After Spurning Microsoft, Yahoo Reaches Out to AOL
Tuesday, February 12, 2008
Now that Yahoo has formally rejected Microsoft's unsolicited $44 billion buyout bid, the Internet company has set its sights on its own deal with AOL.
Yahoo reached out to AOL to gauge the Internet pioneer's interest in some sort of deal, according to someone familiar with the situation who spoke on condition of anonymity because the talks are private. Yahoo is contacting a number of possible partners, the source said, and it is unclear whether the company seeks a buyout or partnership with AOL.
The overture is most likely an effort to find an alternative to Microsoft's bid in case the two tech companies engage in a drawn-out takeover battle. Microsoft made its offer Feb. 1 in an attempt to strengthen its online presence.
Yahoo yesterday spurned the bid, saying it "substantially undervalues" the company. The board of directors is "continually evaluating all of its strategic options" and "remains committed to pursuing initiatives that maximize value for all stockholders," the company said in a statement. Yahoo declined to comment on any discussions with AOL.
A deal with AOL, in addition to forging a search-advertising relationship with Google, is considered by many analysts to be Yahoo's best defense against a takeover. Microsoft expressed disappointment at Yahoo's rejection yesterday and said it "reserves the right to pursue all necessary steps to ensure that Yahoo's shareholders are provided with the opportunity to realize the value inherent in our proposal."
With 137 million online visitors each month and a strong online display-advertising business that places graphical ads on Web sites, Yahoo commands one of the Internet's most recognizable brands. It has lost ground to rival Google in Web searches and the accompanying advertising, one of the fastest-growing segments of online marketing.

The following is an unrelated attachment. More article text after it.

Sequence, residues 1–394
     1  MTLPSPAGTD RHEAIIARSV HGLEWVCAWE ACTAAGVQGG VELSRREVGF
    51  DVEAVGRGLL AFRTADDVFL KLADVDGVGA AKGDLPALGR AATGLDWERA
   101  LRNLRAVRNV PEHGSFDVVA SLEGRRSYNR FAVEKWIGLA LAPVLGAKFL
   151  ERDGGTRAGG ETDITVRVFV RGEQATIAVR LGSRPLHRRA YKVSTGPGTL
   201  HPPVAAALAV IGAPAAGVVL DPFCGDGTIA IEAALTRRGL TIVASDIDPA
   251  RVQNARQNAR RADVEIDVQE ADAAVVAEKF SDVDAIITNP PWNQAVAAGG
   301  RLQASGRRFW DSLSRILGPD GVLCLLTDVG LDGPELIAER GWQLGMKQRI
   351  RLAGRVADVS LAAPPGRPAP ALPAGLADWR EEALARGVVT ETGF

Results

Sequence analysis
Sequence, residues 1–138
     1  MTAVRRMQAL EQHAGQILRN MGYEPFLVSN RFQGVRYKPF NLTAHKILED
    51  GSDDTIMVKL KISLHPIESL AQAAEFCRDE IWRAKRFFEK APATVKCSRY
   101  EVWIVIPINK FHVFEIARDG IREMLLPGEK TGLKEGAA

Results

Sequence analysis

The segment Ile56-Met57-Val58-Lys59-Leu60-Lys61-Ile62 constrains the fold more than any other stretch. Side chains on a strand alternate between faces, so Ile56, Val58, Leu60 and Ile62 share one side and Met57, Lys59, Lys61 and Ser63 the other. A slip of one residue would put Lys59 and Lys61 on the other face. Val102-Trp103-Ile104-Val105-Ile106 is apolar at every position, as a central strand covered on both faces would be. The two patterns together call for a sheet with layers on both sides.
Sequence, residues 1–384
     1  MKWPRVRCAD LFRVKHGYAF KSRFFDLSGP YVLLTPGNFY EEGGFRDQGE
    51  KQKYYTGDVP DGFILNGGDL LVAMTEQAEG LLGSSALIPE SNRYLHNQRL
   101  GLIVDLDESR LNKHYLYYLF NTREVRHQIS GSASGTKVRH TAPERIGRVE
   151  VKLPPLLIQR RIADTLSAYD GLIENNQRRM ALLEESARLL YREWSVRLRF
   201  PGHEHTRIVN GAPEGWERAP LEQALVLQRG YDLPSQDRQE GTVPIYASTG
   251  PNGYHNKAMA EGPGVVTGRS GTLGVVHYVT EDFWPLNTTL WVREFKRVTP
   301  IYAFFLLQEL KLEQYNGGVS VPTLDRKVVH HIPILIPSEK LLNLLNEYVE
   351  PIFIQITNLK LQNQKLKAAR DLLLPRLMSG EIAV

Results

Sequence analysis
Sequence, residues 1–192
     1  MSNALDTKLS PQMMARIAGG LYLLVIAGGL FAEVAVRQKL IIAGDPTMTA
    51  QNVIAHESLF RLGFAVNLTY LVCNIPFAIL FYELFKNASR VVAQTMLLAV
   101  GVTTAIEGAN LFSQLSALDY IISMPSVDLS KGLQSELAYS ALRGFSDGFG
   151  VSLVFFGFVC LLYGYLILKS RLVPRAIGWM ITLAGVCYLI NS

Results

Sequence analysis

Many analysts have said that outsourcing its search-advertising platform to Google could increase Yahoo's cash flow, making the company more expensive for Microsoft to acquire. Access to AOL's ad-supported content portal and online advertising business, called Platform A, could also bolster Yahoo's ad network, analysts said.
Time Warner, AOL's parent company, last week signaled that it is considering spinning off part of AOL. The Dulles campus of AOL has shed employees through layoffs during its transition from being a dial-up service provider to an online advertising firm.
By letting Google handle its search-advertising service and buying AOL's advertising business, Yahoo could be worth as much as $40 a share, a nearly 30 percent premium over Microsoft's original offer of $31 per share, Sanford D. Bernstein analyst Jeffrey Lindsay said in a note to investors yesterday. A deal with Yahoo could also have benefits for AOL as it struggles to compete against much larger competitors.
"AOL's options to find a future buyer would largely disappear if Microsoft were to acquire Yahoo outright" by eliminating two potential suitors, he said.
He added that by acquiring AOL's assets, "Yahoo could achieve cost synergies by consolidating the research and development staffs and combining the sales forces."
Marianne Wolk, an analyst with Susquehanna International Group, said joining forces with Yahoo could be a setback for AOL, which uses Google to place ads on its Web sites.
"If AOL were to switch to Yahoo, it would see a revenue step down" because it would lose access to Google's network of advertisers, she said. "If AOL's looking for a short-term gain, this many not give it to them."
Some analysts say making alliances with other Internet firms may be a negotiating tactic by Yahoo to force a higher offer from Microsoft. An analyst argued that such pacts may not be enough to outweigh Microsoft's offer.
"If you put every single option to work, it still wouldn't amount to the value that Microsoft is offering," said Scott Kessler, an equity analyst at Standard & Poor's. "If you do the math, really there is only one option at this point -- the deal with Microsoft."
Yahoo share rose 67 cents yesterday, to $29.87, a 50 percent increase over its price Feb. 1, when Microsoft made its offer.
Staff writer Peter Whoriskey contributed to this report.